Most UTIs can be cured with 2 to 3 days of treatment. The bad news is that they may occur frequently in women.
Have Another Infection
Urinary tract infections (UTI) among women outnumber their counterparts by a large margin. The reason they are so femininely popular is partly anatomical and partly hygienic. Females have a shorter urinary tract than men and the urethra is in close proximity to anal Escherichia coli (E. coli). Rarely, UTIs can be due to viral or fungal infections.
An infection occurs when bacteria enters the urethra, contaminating the bladder (cystitis), and if unchecked, the kidneys (pyelonephritis). About 1 in 5 women experience a urinary tract infection, while some are plagued incessantly. As a concerned person, you may be predisposed to them. Before identifying ways to prevent UTIs, first isolate the individual symptoms and common ways to contract them.
Urinary Tract Infection Symptoms
How do you know if you have a UTI?
- Burning feeling during urination.
- Frequent or intense urge to urinate, though little is expelled.
- Pain or pressure in your back or lower abdomen.
- Cloudy, dark, bloody, or strange-smelling urine.
- Feeling tired or shaky.
- Fever or chills (sign infection reaches kidneys).
- Pain above the pubic bone or in the lower back.
Ways You Get UTIs
You may contract UTIs both for reasons within and beyond your control.
- Blocked flow of urine
- Bowel incontinence
- Contraception method
- Frequent, intense sexual intercourse
- Having a urinary catheter
- Heavy antibiotic use
- Kidney stones
- Medical urinary tract procedures
- Multiple sexual partners
- Partial bladder emptying
- Poor personal hygiene
- Prolonged immobility
- Suppressed immune system
- Unsanitary sexual practices
- Use of spermicides and tampons
Urinary tract infections are not limited to women. Between 5 and 8 in every 10,000 men under 50 years old contract UTIs. The prostate is a target for secondary infection. Risk of infection increases with age. A doctor specializing in urology can offer individual treatment.
⚠️ Routine UTI Screening Caution
The United States Preventive Services Task Force concluded that for virtually everyone except pregnant women, screening for and treating asymptomatic bacteriuria provides no benefit and has potential harms. The Infectious Diseases Society of America also cautioned against screening and treating, except for pregnant women and patients about to undergo invasive urologic procedures.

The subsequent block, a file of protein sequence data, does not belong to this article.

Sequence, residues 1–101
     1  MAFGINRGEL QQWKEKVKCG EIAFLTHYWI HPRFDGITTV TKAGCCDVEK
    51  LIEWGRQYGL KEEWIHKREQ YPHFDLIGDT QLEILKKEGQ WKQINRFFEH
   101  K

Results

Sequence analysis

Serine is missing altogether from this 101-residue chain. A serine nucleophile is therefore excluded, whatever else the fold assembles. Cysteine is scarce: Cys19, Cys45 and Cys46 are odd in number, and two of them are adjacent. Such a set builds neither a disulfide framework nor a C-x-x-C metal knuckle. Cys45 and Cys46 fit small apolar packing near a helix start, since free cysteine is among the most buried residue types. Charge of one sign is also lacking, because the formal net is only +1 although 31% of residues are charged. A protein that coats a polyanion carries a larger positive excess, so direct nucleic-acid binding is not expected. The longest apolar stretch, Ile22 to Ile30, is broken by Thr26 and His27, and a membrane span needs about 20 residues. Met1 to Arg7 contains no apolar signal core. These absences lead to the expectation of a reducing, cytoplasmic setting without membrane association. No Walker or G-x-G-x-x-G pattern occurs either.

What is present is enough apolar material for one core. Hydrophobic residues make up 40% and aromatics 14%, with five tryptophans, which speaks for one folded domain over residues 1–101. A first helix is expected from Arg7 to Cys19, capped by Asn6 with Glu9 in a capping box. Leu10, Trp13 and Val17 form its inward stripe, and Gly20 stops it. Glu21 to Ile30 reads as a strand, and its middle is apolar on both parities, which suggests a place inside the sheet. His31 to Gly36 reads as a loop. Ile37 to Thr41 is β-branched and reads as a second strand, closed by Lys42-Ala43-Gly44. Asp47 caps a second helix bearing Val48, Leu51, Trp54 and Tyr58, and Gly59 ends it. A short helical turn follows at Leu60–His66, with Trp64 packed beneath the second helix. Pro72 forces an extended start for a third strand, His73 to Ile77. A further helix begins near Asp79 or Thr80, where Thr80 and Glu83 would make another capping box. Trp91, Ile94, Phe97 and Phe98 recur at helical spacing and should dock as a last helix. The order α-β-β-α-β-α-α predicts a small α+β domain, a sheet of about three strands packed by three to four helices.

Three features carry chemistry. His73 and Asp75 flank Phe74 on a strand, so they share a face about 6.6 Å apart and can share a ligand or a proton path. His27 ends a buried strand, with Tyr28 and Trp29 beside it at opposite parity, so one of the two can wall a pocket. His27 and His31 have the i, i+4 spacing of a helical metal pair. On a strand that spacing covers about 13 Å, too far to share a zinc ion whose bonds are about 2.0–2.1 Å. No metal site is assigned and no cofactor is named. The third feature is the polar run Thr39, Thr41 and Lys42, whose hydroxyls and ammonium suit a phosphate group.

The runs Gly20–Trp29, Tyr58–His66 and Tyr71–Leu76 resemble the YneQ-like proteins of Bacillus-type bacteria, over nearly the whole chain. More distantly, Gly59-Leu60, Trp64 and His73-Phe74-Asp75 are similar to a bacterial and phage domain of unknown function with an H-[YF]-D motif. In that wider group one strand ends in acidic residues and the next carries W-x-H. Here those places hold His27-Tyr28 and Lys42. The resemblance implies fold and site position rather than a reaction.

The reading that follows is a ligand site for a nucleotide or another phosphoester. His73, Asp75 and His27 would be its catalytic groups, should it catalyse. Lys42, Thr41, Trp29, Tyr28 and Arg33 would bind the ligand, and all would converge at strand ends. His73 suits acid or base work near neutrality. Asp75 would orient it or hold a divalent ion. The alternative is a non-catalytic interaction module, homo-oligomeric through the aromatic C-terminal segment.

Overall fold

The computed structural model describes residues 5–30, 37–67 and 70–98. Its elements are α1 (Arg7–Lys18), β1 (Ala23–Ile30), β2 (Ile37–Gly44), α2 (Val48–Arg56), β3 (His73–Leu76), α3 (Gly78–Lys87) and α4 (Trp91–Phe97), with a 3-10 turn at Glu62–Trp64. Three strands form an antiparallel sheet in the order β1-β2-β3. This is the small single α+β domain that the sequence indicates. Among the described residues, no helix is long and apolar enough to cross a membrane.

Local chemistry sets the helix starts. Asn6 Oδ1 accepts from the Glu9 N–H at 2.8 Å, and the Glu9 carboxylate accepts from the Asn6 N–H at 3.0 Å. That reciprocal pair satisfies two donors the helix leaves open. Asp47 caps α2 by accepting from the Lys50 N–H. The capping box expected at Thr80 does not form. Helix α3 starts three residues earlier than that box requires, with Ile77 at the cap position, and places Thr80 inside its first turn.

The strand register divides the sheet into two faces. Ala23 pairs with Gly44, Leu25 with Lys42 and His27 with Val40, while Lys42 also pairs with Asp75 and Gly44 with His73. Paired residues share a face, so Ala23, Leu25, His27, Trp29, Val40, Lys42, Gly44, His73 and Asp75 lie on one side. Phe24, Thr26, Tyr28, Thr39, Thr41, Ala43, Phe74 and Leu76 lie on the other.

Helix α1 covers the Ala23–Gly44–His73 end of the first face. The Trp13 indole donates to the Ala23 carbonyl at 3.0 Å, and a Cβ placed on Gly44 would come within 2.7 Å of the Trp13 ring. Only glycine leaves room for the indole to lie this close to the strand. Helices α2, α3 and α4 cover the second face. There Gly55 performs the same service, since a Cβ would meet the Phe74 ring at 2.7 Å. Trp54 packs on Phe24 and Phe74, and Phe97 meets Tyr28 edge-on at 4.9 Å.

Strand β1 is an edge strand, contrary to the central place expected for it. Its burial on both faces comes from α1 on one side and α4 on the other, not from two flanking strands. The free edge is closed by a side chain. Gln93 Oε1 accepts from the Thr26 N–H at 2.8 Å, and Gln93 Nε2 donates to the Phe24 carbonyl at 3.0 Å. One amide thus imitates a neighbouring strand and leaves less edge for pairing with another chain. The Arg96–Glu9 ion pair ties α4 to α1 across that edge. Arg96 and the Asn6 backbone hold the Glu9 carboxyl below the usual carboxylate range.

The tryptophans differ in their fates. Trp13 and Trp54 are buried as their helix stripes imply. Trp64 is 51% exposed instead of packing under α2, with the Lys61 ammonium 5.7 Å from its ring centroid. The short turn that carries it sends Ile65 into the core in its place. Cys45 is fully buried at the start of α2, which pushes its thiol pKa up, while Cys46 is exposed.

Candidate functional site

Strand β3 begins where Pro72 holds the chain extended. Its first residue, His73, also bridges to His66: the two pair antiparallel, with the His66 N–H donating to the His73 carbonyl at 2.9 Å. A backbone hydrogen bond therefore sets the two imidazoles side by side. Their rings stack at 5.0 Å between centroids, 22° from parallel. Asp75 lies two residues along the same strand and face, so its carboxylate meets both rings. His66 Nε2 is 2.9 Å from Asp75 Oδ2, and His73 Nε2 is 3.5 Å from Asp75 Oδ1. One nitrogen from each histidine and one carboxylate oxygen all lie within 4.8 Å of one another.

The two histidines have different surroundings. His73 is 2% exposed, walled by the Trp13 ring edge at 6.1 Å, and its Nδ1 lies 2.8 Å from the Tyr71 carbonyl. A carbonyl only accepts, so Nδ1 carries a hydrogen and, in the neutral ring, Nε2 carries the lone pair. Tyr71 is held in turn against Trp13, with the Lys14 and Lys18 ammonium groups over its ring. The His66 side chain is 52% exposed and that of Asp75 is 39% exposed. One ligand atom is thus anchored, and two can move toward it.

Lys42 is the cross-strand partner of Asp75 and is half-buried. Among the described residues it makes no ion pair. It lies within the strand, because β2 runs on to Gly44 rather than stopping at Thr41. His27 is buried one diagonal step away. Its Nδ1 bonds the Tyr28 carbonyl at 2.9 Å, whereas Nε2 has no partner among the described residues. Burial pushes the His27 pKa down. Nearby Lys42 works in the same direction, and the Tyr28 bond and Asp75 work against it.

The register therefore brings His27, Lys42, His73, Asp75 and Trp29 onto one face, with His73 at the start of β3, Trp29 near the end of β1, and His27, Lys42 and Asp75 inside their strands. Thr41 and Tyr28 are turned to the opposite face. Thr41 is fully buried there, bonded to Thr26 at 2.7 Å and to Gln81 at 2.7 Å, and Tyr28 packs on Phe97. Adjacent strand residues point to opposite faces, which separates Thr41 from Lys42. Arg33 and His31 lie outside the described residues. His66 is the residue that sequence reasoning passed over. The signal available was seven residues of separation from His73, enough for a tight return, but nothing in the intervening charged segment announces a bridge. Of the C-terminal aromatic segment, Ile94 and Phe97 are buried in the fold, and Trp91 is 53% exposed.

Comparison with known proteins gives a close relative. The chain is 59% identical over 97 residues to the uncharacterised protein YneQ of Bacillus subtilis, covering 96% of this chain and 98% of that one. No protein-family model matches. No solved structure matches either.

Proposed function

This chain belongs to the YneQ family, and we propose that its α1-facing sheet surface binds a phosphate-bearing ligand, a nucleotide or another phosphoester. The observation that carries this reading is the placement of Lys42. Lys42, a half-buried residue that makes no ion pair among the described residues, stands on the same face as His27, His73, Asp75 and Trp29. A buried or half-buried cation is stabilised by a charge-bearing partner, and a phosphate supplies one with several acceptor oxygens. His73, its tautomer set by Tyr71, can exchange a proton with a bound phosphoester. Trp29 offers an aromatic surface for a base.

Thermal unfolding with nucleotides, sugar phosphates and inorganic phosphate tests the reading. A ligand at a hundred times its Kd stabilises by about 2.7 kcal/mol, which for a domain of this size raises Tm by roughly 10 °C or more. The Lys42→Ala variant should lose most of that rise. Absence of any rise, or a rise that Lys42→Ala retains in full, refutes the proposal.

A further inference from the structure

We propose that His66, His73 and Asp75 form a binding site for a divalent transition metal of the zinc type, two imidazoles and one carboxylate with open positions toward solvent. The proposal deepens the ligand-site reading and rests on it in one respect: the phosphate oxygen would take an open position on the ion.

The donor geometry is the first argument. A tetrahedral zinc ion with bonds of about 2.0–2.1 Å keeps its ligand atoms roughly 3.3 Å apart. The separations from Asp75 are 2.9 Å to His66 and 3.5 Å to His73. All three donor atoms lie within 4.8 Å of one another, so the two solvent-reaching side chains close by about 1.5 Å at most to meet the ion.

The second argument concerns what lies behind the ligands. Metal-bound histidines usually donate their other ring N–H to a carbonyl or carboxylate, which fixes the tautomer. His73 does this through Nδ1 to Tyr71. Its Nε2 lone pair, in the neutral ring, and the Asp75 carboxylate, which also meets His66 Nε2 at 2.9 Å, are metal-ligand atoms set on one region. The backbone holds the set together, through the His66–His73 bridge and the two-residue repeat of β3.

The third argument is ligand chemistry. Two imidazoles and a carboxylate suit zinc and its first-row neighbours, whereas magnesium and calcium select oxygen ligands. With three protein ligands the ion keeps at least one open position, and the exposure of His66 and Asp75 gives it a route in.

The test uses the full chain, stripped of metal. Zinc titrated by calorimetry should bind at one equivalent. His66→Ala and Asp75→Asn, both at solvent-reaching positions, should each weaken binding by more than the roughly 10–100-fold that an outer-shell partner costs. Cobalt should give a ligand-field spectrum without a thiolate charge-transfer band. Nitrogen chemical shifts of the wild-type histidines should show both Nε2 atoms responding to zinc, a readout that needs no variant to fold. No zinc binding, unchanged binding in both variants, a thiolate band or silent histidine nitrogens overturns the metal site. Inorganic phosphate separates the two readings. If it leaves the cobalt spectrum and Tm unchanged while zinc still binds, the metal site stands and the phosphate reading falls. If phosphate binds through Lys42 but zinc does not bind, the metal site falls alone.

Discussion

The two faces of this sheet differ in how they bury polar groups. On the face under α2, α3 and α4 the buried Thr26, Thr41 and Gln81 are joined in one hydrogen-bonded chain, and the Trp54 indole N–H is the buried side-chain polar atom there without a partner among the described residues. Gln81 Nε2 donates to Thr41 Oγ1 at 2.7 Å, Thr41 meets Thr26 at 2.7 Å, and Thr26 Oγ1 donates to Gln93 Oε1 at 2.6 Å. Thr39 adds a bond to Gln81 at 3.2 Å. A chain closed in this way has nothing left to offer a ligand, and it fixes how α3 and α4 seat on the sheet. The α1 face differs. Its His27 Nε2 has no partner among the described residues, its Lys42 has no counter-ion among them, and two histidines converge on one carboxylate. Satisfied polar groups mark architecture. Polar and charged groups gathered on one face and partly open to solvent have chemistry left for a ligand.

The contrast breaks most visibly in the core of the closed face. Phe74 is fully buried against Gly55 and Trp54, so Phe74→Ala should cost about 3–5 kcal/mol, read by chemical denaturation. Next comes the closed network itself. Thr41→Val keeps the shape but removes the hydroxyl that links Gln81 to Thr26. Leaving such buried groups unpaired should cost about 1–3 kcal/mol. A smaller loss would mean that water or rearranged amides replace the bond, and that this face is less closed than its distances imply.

This strenuous effort is aimed at reducing the persistent overuse of antibiotics. Antibiotics wipes out protective microbes in the gastrointestinal tract and increasing people’s vulnerability to C. difficile, which the Centers for Disease Control and Prevention has called an “urgent threat.” Follow any course of antibiotics with a variety of probiotics.
How to Reducate UTIs
For most women, UTI prevention is possible. From 80–90% of UTIs are from E. coli, a fecal bacteria. Women practicing good hygiene who drink a glass of cranberry juice daily can minimize UTIs.
Cranberries contain compounds that prevent the bacteria from adhering to the urinary tract wall. Cranberry juice, however, is not a cure-all for all urinary system health like kidney stones. It decreases urinary uric acid perhaps by retarding urate synthesis. This pH alteration increases risk of calcium oxalate and uric acid stone formation but decreases the risk of brushite stones.
- Drink at least eight glasses of water daily.
- Empty bladder frequently and completely as soon as you feel the need to go.
- Wipe from front to back when visiting the toilet.
- Regularly clean up with showers instead of baths.
- Avoid irritating feminine hygiene sprays, scented douches, and scented bath products.
- Cleanse your genital area before sex.
- Urinate after sex to flush away bacteria that may have entered your urethra.
- Avoid diaphragm, unlubricated condoms, or spermicidal jelly for birth control.
- Keep genitals dry by wearing clean cotton underwear.
- Do not wear tight-fitting pants.
Indiscriminate hook-ups are recipes for UTIs. Among young women, frequent sexual activity is the cause of 75–90% of bladder infections. Partners sometimes assume that their mate contracting a UTI is a sign of infidelity. Though promiscuous dalliances increase risk for this sexually transmitted infection, it can also occur as a result of frequent coitus with the same partner.
The term “honeymoon cystitis” refers to recurring UTIs during early marriage. As previously mentioned, there are also several non-sexual causes. With diligent hygiene, you can remain healthy and reduce infection.
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